Garrone’s follow-up to Gomorrah prompts a lot more smiles and less dread, though the dread builds towards the end. The second fiction I’ve seen after Dead Set revolving around the show Big Brother, which must be bigger in Europe (or maybe it was huge here and I just haven’t noticed).
Opens with a great helicopter shot with Elfmanesque music. Luciano, who runs a fish market and plays a noisy blue-wigged woman at parties, is coerced by his family into interviewing for Big Brother at a local mall, then he gets a callback interview at Cinecitta. He becomes obsessed with the show, sells his business to prepare for stardom and gives all his possessions to the homeless to impress producers he thinks are spying on him, but the season’s cast is announced and his phone never rings, so he takes to stalking the show’s spokesman, a former winner named Enzo. Luciano’s obsession grows, but he also learns to hide it from his family, so at the end he wanders off during a trip to Rome, sneaks into the Big Brother house, and the camera pulls slowly out as he laughs crazily to himself.
There’s also a scam plot involving Luciano and his brother getting local seniors to apply for free government-issued robots (?!). I caught one of the gun-happy kids from Gomorrah as a bartender. Alexandre Desplat contributes the wonderful fantasy score.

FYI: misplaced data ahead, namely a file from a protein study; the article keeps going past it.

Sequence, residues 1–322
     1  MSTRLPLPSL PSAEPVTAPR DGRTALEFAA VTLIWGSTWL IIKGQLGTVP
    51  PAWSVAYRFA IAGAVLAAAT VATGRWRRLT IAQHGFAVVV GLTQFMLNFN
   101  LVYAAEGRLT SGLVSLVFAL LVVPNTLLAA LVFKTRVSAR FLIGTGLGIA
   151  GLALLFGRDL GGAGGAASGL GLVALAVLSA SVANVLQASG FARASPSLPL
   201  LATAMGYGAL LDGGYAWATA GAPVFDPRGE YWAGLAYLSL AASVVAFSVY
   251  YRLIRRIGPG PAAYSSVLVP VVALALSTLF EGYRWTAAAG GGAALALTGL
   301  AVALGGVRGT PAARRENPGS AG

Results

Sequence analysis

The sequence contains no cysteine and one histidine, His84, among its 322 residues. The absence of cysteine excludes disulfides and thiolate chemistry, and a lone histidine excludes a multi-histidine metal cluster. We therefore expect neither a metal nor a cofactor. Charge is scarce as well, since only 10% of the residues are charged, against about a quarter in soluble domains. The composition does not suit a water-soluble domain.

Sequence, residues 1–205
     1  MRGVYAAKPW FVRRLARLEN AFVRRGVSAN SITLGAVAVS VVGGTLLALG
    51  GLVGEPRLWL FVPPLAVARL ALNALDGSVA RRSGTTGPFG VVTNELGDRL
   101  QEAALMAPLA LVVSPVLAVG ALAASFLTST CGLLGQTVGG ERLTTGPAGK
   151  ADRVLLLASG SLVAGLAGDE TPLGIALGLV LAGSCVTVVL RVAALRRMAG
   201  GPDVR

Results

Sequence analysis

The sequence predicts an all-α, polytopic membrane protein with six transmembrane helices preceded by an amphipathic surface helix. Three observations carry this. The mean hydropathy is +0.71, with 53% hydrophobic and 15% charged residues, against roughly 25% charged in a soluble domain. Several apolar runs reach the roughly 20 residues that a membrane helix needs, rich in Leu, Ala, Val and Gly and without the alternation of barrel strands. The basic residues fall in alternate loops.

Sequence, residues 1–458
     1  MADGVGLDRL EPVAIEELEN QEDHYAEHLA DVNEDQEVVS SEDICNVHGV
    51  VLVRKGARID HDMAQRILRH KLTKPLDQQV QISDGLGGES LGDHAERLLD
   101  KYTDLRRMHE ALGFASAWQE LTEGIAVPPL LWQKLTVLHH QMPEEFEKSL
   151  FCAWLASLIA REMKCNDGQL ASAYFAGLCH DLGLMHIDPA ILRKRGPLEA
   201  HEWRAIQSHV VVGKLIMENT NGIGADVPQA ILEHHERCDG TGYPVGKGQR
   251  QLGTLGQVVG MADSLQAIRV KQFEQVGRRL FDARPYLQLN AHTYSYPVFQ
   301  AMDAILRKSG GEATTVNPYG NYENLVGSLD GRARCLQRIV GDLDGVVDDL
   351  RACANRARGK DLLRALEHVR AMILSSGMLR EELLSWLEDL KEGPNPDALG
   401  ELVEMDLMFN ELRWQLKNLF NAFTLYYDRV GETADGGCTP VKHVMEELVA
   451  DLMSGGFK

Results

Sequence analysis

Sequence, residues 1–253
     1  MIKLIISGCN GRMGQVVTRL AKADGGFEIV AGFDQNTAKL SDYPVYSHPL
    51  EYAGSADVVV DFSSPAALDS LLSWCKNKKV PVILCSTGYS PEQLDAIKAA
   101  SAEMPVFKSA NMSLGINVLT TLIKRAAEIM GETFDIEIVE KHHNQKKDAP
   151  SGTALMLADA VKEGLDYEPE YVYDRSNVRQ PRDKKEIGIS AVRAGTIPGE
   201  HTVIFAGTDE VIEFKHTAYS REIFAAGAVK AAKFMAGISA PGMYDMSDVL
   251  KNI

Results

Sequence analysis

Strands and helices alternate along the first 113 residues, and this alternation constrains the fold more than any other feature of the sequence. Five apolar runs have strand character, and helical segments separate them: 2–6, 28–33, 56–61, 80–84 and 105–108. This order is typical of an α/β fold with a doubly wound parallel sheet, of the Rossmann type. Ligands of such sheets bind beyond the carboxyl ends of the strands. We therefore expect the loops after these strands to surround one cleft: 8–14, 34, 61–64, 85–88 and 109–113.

Back home in Italy, the film has registered more keenly, perhaps because they are still crawling out from under a prime minister whose legacy is marked by tax evasion and media monopoly, game shows and bouncing bimbos. A show predicated on voyeurism and humiliation like Big Brother, the program that sits like a bioluminescent tumor at the center of Garroneâ€™s film, would seem to be the quintessential cultural marker for a period led by a man who was once a cruise-ship and nightclub crooner. Reality is then the unspoken anti-Berlusconi film of the moment, interrogating at once a culture of crassness, wild social inequality, and blatant fraudulence, both financial and otherwise.